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php-osx available for OS X 10.10 Yosemite

Apple released OS X Yosemite as a public beta release last week and it of course comes with updated utilities, eg. Apache httpd 2.4 and PHP 5.5

Since httpd 2.4 is not API compatible for modules, the php-osx packages didn’t work and we needed to recompile the packages. That’s what I did and now you can install php-osx also for OS X Yosemite with the usual simple command.

I couldn’t compile libmemcached yet, will try to figure that out when everything settled a little. Also the iodbc extension had some problems, so that’s not in the package yet.

There was also a compile problem with 5.3, so that’s not available yet for 10.10

With all this, I have some questions about future support of all the possible versions:

  • Are you still using OS X 10.6/10.7 and would like to have updates on those platforms?
  • Do you need upcoming PHP versions like 5.6 on 10.6/10.7?
  • Do you need PHP 5.3 on OS X 10.10 (Yosemite)?
  • Do you need iodbc?
  • Anything else missing?

If you answer one of those questions with yes, please leave a comment (I also will analyse the logs to see how many times the different versions are downloaded). Or file an issue on the github project. We won’t remove any of the available packages today, the question is more about future support and if it’s worth to put some effort to eg. get PHP 5.3 running on 10.10 or PHP 5.6 on 10.6/10.7 (both currently fail for me)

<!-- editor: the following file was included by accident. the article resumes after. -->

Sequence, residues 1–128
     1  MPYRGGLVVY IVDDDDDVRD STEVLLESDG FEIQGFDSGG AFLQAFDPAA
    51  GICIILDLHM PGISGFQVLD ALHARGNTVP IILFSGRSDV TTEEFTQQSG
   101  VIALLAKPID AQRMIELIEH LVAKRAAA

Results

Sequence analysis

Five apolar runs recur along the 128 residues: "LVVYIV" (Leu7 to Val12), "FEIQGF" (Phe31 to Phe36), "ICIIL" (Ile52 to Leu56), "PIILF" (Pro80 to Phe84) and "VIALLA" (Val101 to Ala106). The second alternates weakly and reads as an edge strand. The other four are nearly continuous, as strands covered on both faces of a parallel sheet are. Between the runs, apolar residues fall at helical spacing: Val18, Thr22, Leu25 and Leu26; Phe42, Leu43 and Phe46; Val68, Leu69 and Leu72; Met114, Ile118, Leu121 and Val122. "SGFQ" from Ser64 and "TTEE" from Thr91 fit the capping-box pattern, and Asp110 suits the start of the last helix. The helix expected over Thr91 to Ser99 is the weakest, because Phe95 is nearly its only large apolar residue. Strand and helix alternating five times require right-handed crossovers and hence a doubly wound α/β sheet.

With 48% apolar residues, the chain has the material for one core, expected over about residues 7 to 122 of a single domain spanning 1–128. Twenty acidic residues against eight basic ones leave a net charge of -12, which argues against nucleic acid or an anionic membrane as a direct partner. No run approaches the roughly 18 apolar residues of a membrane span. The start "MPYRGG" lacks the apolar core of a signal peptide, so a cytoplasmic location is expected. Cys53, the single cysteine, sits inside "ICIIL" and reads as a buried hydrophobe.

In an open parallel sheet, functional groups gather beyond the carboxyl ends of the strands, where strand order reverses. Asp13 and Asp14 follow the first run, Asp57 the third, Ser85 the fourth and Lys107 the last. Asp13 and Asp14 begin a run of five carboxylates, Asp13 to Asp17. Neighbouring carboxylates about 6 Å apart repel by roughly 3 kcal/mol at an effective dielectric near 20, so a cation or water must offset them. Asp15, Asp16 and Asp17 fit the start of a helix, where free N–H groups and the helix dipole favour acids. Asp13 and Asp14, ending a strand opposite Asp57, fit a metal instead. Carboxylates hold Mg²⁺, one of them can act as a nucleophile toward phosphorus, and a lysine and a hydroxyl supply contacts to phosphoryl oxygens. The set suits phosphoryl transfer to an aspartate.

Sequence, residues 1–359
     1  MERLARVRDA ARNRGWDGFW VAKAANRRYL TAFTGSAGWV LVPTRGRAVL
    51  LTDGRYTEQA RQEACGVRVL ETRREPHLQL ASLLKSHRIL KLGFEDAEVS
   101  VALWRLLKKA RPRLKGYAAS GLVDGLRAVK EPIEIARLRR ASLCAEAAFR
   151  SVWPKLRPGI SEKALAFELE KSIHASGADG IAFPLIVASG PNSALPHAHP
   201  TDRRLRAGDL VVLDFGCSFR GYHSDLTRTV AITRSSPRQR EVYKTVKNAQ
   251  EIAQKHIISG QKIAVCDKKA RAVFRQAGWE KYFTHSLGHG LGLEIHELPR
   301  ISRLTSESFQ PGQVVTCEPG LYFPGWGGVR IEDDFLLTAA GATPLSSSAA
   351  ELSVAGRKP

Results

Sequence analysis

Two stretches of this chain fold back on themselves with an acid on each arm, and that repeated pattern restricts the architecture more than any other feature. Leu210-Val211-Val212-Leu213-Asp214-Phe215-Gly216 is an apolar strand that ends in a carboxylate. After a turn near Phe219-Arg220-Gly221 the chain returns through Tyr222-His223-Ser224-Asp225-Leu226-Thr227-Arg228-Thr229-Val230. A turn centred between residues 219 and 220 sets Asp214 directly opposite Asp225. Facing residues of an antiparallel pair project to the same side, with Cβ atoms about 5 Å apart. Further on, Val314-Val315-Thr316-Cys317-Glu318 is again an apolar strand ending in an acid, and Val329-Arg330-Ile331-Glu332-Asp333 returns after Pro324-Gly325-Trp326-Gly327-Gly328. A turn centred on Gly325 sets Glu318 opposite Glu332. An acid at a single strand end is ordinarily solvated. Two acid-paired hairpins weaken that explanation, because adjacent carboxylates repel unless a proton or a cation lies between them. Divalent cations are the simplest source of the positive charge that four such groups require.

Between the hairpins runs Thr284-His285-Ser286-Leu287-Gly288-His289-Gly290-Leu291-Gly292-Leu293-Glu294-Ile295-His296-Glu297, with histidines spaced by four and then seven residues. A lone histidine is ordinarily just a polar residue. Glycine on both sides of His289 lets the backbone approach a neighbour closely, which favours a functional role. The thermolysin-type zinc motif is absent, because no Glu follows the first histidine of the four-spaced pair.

You can also see what PHP version we support for what OS X version and when we last updated it at the bottom of And if you didn’t notice, we also have packages for PHP 5.6beta since quite some.

Having said all that, we at Liip mostly use vagrant boxes nowadays, our operating-systems-used landscape got much more diverse and it’s much easier with vagrant to ensure a common working environment on all systems. Stuff like imagemagick is also much easier to install in a linux vagrant box and HHVM anyway (where the support on OS X is quite limited right now. It works, but still a little bit of a pain, homebrew on the other hand helps a lot as well in this regard)

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How I use Docker on OS X

We at Liip started using Docker for some of our projects. For now mainly on the CI server, where it already helps us a lot in regards of reliability and performance. But we’d like to use it locally for development as well (and hopefully one day on production servers)